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Even at 60, EU is a pillar of globalization

By Fraser Cameron | | Updated: 2017-03-23 10:55

Even at 60, EU is a pillar of globalization

Police tapes off Parliament Square after reports of loud bangs, in London, Britain, March 22, 2017. [Photo/Agencies]

Just three days before 27 European Union leaders gather in Rome on Saturday to celebrate the EU's 60th birthday, a "terrorist incident" described by London police happened near the British Parliament Buildings on Wednesday afternoon.

The incident, which happened to take place at the one year anniversary of the Brussels airport attack, highlighted the shadow cast over Europe because of terrorism threats. No wonder the EU has divided on many problems such as migration.

The incident also happened at a time when the United Kingdom is preparing to start the process of formally exiting the EU. The atmosphere of Rome summit will be somber and restrained, as the UK will start official Brexit negotiations between the UK and the EU on March 29.

The UK's decision to leave the EU was a shock but now the 27 member states have to focus on how to rekindle public support for the integration process that has helped bring peace and prosperity to Europe for more than half a century.

There are many problems facing the EU, including populism, migration pressures and slow economic growth. But the defeat of populist Geert Wilders in the Dutch elections last week could mark a reversal of the populist tide in the EU.

Next month, France goes to the polls, and far-right leader Marine Le Pen trails centrist leader Emmanuel Macron in the run-up to the first round. This suggests Le Pen's chances of winning the first round are diminishing, and she may not win the second round either.

In Germany, where elections will be held in September, the left- and right-wing populists are unlikely to challenge the dominance of the centrist Christian Democratic Union and Social Democratic Party.

The number of migrants in the EU is also down while economic growth is slowly picking up. The International Monetary Fund forecasts EU growth at 1.2 percent in 2017, which may not be great compared to China but suggests the bloc is moving in the right direction, and importantly unemployment is falling.

Although the EU will not be ready to take any major steps forward until after all the elections this year, it is clear that the bloc will maintain its multi-speed approach.

The EU also has to cope with a US administration that is turning its back on globalization. United States President Donald Trump's "America First" policy has serious consequences for the global economy. Despite strong pressure from the EU (and China), US Treasury Secretary Steven Mnuchin refused to endorse the standard language in favor of free trade at the G20 finance ministers meeting in Germany last week.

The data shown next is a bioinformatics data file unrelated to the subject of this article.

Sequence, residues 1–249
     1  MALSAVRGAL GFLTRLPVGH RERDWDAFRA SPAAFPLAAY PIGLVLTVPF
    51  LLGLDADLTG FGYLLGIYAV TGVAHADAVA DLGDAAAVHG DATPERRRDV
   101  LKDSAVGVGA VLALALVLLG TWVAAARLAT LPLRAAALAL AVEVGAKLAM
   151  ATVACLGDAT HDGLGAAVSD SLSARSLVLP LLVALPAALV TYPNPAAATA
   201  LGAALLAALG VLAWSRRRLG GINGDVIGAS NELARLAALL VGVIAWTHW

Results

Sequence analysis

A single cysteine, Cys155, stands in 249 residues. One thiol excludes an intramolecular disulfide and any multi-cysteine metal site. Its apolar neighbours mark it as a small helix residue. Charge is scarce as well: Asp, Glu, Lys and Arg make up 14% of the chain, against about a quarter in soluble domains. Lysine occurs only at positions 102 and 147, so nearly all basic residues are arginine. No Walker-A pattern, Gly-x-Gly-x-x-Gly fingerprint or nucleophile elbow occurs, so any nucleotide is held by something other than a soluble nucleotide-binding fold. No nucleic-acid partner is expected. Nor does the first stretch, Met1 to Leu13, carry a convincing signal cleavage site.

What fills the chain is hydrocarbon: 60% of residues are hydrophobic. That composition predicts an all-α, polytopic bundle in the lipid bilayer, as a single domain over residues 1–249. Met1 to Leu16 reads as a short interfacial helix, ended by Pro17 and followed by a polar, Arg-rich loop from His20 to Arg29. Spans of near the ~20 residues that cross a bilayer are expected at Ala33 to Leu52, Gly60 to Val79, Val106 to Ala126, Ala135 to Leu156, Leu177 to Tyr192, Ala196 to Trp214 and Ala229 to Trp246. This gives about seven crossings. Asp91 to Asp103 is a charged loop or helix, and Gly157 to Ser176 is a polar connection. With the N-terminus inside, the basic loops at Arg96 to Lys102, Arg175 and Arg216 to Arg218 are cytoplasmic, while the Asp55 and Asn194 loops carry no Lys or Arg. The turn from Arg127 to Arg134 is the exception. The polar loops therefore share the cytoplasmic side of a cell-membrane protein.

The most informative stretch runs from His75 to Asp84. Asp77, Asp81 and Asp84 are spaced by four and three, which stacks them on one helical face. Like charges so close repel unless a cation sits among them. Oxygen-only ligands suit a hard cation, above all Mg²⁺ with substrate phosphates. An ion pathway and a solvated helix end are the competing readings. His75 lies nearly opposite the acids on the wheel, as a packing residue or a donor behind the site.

Trump attacked Germany's trade surplus when he met German Chancellor Angela Merkel recently and called for a new bilateral trade deal. Merkel had to remind him that it was the EU that negotiated trade deals, not the individual member states.

It remains to be seen how Trump approaches his possible meeting with President Xi Jinping next month given the amount of "China bashing" during the election campaign.

The EU will thus remain a champion of globalization and seek allies such as China to reject protectionism. In addition, the EU will continue to support regional integration in other parts of the world from ASEAN in Southeast Asia to Mercosur in South America to the Economic Community of West African States in Africa. EU Trade Commissioner Cecilia Malmstrom agreed one week ago in the Philippines to restart negotiations for an EU-ASEAN trade deal while talks are continuing this week on an EU-Mercosur deal. And trade deals with India, Japan, Vietnam, Singapore, Australia and New Zealand have either been signed or are in the pipeline.

The EU is also sharing its expertise in integration with the Association of Southeast Asian Nations and other regional organizations. Given the differences among the ASEAN members, there is no possibility of it just copying what the EU has done. But it can learn how the EU managed to move from a customs union to a single market and cherry pick ideas for its own ASEAN Economic Community.

As a mature 60-year old, the EU can look back with quiet confidence on its achievements, promoting peace and prosperity throughout the continent based on democracy and a common set of laws. It is the main pillar of globalization and it can still offer much useful advice to regional groupings. The birthday boy deserves a toast despite challenges.

The author is director of the EU-Asia Centre in Brussels.

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